Professor William Elliott is quoted in a New York Times article about the effects of Child Savings Accounts. New York City has announced a pilot program in which a savings account with $100 will be opened for every public school kindergartener. Elliott describes how even these small amounts can significantly increase a child’s likelihood of going to college, in part by offering students and parents a sense of both possibility and control. “They feel like they can change their destiny and their future,” he said.
Professor Luke Shaefer discusses the child tax credits with The New York Times, “Of 4 Family Policies in Democrats’ Bill, Which Deserves Priority?” Shaefer argued: “The child tax credit is elegant in that it does something for all low- and middle-income families.” “It does the most to empower families to do what they think is best for their families.”
Professor William Elliott’s opinion article in the Gotham Gazette argues that poor children and families need both poverty alleviation and child savings programs. Elliott writes, “I am arguing that the drive Americans have demonstrated throughout history comes from more than having enough money to pay the bills each week, it comes from the promise of a better future.”
Associate Professor Terri Friedline’s study is cited in an NBC News article about a U.S. Postal Service pilot program offering financial services, which could lead to a return in postal banking. Friedline’s study showed that 69% of U.S. census tracts with local post offices do not have community bank branches, making it difficult for residents to access financial services. The postal service offered banking services in local branches from 1911-1967.
Professor Brad Zebrack, PhD student Nina Jackson Levin and Assistant Professor Anao Zhang are researchers and leaders of the new Adolescent and Young Adult (AYA) Oncology program, which was recently established at C.S. Mott Children’s Hospital and the Rogel Cancer Center. They discuss the program, and why it’s important to have a program that addresses the unique needs of cancer patients of this age, with the U-M Lab Blog.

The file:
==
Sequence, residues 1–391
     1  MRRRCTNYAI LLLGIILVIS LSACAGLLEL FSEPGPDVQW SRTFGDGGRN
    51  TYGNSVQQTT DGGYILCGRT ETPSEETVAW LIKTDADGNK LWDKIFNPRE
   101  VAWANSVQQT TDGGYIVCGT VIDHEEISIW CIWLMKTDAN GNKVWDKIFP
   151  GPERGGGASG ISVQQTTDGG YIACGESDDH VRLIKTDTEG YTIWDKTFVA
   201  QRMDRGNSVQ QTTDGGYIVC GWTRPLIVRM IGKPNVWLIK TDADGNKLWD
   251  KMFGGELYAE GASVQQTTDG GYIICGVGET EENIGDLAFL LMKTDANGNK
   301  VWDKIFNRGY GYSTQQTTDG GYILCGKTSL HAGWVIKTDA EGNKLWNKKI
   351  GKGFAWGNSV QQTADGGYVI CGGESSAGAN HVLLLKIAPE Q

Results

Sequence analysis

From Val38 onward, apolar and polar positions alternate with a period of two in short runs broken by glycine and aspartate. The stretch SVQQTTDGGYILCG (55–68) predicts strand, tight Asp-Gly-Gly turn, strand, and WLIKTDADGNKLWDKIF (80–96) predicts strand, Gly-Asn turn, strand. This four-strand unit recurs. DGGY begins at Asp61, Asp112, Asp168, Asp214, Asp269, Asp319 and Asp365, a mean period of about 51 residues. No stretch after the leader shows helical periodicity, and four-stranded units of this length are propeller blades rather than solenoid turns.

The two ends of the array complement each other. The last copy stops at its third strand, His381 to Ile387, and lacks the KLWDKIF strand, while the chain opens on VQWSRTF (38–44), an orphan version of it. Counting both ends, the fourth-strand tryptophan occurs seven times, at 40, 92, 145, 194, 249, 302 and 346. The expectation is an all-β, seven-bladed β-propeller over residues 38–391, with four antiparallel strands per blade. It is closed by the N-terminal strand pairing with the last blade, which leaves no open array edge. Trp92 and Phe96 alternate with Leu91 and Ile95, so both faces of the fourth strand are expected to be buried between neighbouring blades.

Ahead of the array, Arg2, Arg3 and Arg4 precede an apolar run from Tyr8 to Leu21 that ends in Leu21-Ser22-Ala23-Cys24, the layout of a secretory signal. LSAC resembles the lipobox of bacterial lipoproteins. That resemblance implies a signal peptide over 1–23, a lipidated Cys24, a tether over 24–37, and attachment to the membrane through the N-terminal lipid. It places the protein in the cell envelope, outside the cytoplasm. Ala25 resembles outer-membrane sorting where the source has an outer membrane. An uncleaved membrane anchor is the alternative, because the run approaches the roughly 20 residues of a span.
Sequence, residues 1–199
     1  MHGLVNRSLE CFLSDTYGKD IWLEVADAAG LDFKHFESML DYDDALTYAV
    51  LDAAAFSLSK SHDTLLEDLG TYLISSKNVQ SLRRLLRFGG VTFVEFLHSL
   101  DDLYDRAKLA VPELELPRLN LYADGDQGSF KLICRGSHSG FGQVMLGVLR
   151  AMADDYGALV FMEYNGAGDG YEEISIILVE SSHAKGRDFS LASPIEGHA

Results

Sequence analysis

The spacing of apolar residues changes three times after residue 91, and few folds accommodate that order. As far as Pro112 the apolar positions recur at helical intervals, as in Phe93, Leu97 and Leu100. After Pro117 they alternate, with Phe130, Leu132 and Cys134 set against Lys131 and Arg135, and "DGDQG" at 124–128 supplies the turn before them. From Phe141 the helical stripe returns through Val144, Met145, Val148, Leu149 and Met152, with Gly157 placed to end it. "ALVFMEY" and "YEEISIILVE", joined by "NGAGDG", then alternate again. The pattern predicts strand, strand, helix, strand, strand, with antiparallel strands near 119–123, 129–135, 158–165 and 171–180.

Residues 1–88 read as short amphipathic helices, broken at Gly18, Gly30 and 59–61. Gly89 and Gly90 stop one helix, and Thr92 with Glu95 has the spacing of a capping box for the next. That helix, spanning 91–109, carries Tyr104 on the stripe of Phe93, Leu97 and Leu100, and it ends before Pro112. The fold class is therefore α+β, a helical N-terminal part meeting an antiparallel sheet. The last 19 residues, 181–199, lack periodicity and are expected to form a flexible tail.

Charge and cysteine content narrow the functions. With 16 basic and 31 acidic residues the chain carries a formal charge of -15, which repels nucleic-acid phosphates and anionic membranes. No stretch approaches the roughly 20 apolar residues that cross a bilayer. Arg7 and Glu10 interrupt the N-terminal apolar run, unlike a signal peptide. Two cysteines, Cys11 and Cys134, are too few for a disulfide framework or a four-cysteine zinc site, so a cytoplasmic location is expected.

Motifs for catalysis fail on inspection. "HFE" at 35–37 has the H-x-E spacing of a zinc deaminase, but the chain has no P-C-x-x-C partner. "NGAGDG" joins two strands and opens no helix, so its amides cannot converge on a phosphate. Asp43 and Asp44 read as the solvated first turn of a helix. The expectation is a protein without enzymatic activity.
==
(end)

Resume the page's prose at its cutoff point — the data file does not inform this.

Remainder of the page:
Professor William Elliott’s essay is included in the new book “Future of Building Wealth: Brief Essays on the Best Ideas to Build Wealth - for Everyone” which was published by The Aspen Institute Financial Security Program in partnership with the Federal Reserve Bank of St. Louis. The book provides policymakers and financial leaders with the tools, resources and innovative ideas to pave the way for economic growth and prosperity for all American families.
Shanna Kattari, “We need to realize that not all disabilities are the same, and we have different needs and require different accommodations”. Read the full story at WalletHub’s “2021's Best & Worst Cities for People with Disabilities” article.
Assistant Professor Ashley Cureton has received a 2021 Diversity Recognition Award from the Johns Hopkins Diversity Leadership Council. The award recognizes outstanding accomplishments of faculty, staff, students and alumni whose demonstrable efforts advance diversity and inclusion at Johns Hopkins University. “I am so honored to receive this award. My postdoc and lectureship at Johns Hopkins overlapped with the COVID-19 pandemic and a heightened awareness of the systemic racism and racial inequities in higher education and across the U.S., so I was adamant about developing effective strategies to create equitable outcomes for underrepresented populations by engaging in DEI initiatives. I hope to continue to engage in DEI work as a new faculty member at the University of Michigan.”
Lisa Wexler’s new research “A New Strength-Focused Framework to Prevent American Indian and Alaska Native Youth Suicide” is featured in this month’s National Institute’s of Health research highlights. Wexler’s research centers around Indigenous culture, knowledge, beliefs, and community collaboration.
Associate Professor Kristin Seefeldt was featured in an NPR article that analyzes the decrease of Michigan residents living in poverty as a result of financial aid assistance. Seefeldt discusses how pandemic stimulus checks and expanded unemployment benefits are helping families.
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